Tennessee Williams Program 33rd Annual - Page 17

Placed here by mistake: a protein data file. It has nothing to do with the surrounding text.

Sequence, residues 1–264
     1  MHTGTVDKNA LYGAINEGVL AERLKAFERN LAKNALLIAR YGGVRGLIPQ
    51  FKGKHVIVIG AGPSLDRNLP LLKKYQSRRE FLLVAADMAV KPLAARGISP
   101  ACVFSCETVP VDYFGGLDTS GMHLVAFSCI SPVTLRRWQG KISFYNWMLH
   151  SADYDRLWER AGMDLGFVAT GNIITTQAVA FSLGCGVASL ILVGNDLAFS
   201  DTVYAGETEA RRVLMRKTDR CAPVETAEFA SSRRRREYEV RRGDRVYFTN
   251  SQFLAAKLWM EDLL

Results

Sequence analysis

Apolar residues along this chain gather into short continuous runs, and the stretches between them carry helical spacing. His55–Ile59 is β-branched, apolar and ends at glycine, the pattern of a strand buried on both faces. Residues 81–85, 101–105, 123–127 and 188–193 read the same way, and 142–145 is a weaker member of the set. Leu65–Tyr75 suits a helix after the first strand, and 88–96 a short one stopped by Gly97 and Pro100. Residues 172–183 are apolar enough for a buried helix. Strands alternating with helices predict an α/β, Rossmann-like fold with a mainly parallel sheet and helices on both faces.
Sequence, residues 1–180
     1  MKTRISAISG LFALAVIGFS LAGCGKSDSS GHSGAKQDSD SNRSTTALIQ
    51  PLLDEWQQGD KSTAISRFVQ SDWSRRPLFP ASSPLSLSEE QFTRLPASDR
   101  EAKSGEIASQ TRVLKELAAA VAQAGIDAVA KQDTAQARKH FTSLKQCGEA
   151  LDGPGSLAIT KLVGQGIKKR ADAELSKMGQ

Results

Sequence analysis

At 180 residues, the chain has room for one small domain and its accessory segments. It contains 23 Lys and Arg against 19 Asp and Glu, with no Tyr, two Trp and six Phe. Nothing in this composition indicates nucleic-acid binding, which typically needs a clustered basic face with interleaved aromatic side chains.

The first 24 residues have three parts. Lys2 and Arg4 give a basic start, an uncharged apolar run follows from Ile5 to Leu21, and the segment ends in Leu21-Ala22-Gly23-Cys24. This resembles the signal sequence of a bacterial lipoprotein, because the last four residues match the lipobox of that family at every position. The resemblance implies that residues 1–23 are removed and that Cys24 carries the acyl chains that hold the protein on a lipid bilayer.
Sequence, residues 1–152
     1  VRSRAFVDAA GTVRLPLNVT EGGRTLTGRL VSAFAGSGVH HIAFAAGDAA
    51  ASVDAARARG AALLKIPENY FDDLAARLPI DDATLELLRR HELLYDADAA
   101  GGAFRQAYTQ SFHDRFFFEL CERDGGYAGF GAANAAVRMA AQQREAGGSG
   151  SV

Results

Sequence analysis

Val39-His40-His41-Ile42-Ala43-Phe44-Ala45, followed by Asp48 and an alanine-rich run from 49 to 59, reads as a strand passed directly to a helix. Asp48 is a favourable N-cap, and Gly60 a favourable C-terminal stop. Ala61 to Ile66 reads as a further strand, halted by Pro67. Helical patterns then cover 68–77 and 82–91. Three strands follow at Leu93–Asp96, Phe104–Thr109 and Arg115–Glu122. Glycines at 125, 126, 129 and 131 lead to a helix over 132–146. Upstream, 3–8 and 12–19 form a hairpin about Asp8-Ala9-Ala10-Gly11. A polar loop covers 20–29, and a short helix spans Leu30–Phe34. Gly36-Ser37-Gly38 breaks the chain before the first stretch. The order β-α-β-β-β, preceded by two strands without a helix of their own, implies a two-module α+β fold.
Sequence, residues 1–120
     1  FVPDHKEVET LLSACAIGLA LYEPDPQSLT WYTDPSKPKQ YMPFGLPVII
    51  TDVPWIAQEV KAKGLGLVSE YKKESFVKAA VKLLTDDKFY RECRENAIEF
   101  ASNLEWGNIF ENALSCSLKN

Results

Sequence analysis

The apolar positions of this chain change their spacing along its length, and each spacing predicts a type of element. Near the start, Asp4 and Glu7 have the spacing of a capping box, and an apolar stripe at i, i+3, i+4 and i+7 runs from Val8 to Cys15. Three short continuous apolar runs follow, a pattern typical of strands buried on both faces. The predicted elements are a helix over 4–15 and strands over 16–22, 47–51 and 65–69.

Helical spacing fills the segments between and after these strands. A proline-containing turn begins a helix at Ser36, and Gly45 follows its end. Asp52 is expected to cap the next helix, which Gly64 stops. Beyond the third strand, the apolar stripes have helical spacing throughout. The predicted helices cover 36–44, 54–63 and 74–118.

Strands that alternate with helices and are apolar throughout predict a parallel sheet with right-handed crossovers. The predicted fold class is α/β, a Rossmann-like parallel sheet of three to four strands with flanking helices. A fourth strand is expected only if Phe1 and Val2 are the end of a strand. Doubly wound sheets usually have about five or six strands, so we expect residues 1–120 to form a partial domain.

Friday MARCH 29 and gender. Teresa Toulouse analyzes John Galsworthy’s sketch about the St. Louis Exchange Hotel, while Beth Willinger interprets the complicated rise of group “homes” for single women between 1880 and 1950. Angel Parham explores the contested evolutions of Congo Square, and Joel Dinerstein considers how second-line parades create a democracy of the streets. Barbara Ewell moderates. Hotel Monteleone, Queen Anne Ballroom, $10 or Literary Discussion, Combo, or VIP Pass 11:30 AM - 1:30 PM—Walking Tour SAINTS AND SINNERS LITERARY WALKING TOUR For full description, see page 11 1 - 2:15 PM—Theater EVERYONE EXPECTS ME TO WRITE ANOTHER STREETCAR For full description, see page 10 1 - 2:15 PM—Writer’s Craft Session ROBERT OLEN BUTLER: CREATING FICTIONAL ART The session will focus on the fundamentals of the creative process for fiction writers who aspire to create enduring literature and for readers who are interested in better understanding literary fiction. We will address such issues as: What is art? What is distinctive about the way the artist addresses the world, the inner self, and the objects to be created? And what are the essential characteristics of fiction as an art form? Historic New Orleans Collection, $25, VIP Pass, or Combo Pass 1 - 2:15 PM—Literary Discussion IS SEX NECESSARY? AND IF IT IS, HOW TO WRITE A GREAT SEX SCENE Fictional characters do all sorts of things that real people do, but must writers describe all of it? This panel will explore the following questions about sex in fiction: When does an otherwise serious novel require a sex scene? How does one write a sex scene without being unintentionally funny? Where exactly is that sweet spot between showing too much and too little? Panelists include novelists Dorothy Allison, Bernice McFadden, Jami Attenberg, and Nathaniel Rich. Moderated by author, Constance Adler. Hotel Monteleone, Queen Anne Ballroom, $10 or Literary Discussion, Combo, or VIP Pass 2 - 3:15 PM—Special Event A CONVERSATION WITH NATE CHINEN AND DAVID KUNIAN In jazz parlance, “playing changes” refers to an improviser’s resourceful path through a chord progression. In Playing Changes: Jazz For the New MARCH 27-31, 2019 15